These stories are about how media, art, and culture provide creative strategies for policy change. Each story is accompanied by a link to a video.

Walking the Talk: Putting Racial and Cultural Equity Values into Practice

It's an important step to state our beliefs in racial and cultural equity in these fraught times. It's a bigger one to change what we do to make those beliefs a reality. The webinar, cosponsored with NOCD-NY and PolicyLink illustrates community-based and public sector approaches to putting equity values into practice. It features Libertad O. Guerra, Loisaida Center; Kathy Hsieh, Seattle Office of Arts and Culture; and Keryl McCord, Equity Quotient.

Arts of Regional Change

The Art of Regional Change (ARC) brings together scholars, students, artists, and community groups to collaborate on media arts projects that strengthen communities, generate engaged scholarship, and inform regional decision making. Founded by media artist jesikah maria ross, ARC is a joint project of the University of California at Davis Humanities Institute and the UC Davis Center for Regional Change.

A Youth Voices Curriculum Resource and Guidebook developed to help other communities engage in similar projects is planned for spring 2012.

Center for Urban Pedagogy

The Center for Urban Pedagogy (CUP) Making Policy Public series of foldout posters uses graphic design to explore and explain public policy. Each poster is the result of collaboration between a designer, an advocate, and CUP.  To date, CUP has produced eight posters/instructional pamphlets on issues ranging from affordable housing to the rights of domestic workers.

Operation Paydirt / Fundred Dollar Bill Project

Operation Paydirt/Fundred Dollar Bill Project (Paydirt/Fundred) is a multidisciplinary, artist-driven project addressing the national crisis of lead-contaminated soil. With the self-expression of the young people most affected by lead contamination, these projects propose a solution that incorporates demonstrated scientific procedure. The approach extends across disciplines of art, science, and education and is sensitive to aspects of community development and urban infrastructure. 

Not In Our Town (NIOT)

Not in Our Town (NIOT) is a national organization that creates films and video, and facilitates convenings to help communities working together to stop hate through creative anti-bias programs and responses. Anchored by a social networking website, NIOT documents and shares initiatives, helps link individuals and groups, and provides guidance for positive intergroup responses to hateful actions. Aired on PBS stations on September 21, 2011 (, and screened at venues around the country, Light in the Darkness is the latest in a series of films produced by the Working Group of NIOT. In addition to their documentary work, NIOT has produced over 45 videos (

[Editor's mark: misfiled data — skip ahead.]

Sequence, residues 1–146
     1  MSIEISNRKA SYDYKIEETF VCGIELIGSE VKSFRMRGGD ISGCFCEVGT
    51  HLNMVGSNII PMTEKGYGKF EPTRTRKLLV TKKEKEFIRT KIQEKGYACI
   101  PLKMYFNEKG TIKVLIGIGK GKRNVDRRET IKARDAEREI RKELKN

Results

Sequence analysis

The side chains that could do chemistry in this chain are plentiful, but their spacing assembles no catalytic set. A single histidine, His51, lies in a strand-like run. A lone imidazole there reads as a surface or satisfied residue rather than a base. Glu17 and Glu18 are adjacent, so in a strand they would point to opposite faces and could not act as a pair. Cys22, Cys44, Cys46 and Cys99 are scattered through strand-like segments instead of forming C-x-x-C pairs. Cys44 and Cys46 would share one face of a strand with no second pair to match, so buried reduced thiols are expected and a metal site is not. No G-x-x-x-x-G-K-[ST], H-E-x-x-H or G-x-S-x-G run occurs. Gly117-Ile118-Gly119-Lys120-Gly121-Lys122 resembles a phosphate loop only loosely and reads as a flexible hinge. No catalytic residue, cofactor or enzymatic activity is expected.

Llano Grande

The Llano Grande Center for Research and Development’s vision is to inspire a youth culture that aspires to attend college and engage in community change. Beginning informally in the early 1990s with activities intended to show Edcouch-Elsa High School students in Texas that college was both possible and necessary for them, the Llano Grande Center was formalized in 1997 as a program of the Edcouch-Elsa Independent School District (EEISD). The center has trained students, educators, and community development agents locally, nationally, and internationally on how to distinguish, tell, and use their story to achieve community change. 

Sojourn Theatre

Sojourn Theatre is an ensemble of ten core artists creating new performances  in Portland, Oregon, and around the country. Their innovative work shares a goal of bringing together strangers to collectively experience and strategize in arts-based civic dialogue projects. Sojourn’s members are nationally recognized for their innovation as artists and engagement practitioners, and the company’s work is featured regularly at conferences and universities nationwide as a "best practice model" for arts-based civic dialogue projects. 

The Strength of Scribe, Where Videos Give Voice to Unheard Stories

Scribe Video Center came into being in December 1982. It was founded by Louis Massiah as a place where individuals and communities could learn media making and explore the use of video as both an artistic medium and a tool for progressive social change. The center has grown in size from a small rented workshop space to an internationally recognized media arts education center in a 4,000-square-foot loft that has helped thousands of people and over 150 community groups document their passions and concerns in some 200 videos produced with the center’s support.